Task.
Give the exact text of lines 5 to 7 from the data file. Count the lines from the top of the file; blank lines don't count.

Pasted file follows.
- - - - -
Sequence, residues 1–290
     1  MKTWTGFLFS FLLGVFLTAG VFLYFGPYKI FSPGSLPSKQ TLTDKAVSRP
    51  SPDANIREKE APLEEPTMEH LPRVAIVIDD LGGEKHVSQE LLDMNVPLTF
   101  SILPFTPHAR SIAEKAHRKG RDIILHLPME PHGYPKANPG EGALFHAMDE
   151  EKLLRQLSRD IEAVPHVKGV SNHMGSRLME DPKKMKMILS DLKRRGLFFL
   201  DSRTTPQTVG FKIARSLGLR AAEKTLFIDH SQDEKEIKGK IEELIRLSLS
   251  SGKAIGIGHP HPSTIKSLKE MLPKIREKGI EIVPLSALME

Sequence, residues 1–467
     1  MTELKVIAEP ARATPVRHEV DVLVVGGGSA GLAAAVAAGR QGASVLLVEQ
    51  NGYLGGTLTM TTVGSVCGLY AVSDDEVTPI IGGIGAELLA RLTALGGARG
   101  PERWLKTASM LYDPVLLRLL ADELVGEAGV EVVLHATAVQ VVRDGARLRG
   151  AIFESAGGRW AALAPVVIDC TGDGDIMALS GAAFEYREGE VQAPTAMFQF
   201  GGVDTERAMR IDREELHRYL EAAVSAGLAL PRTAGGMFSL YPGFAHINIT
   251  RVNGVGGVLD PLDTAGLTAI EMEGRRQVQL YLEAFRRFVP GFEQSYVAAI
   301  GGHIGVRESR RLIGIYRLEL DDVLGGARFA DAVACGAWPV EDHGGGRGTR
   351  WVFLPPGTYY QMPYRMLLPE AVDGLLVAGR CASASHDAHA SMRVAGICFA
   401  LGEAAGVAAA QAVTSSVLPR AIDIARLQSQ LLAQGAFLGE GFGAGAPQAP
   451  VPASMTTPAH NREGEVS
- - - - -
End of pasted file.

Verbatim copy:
   151  EKLLRQLSRD IEAVPHVKGV SNHMGSRLME DPKKMKMILS DLKRRGLFFL
   201  DSRTTPQTVG FKIARSLGLR AAEKTLFIDH SQDEKEIKGK IEELIRLSLS
   251  SGKAIGIGHP HPSTIKSLKE MLPKIREKGI EIVPLSALME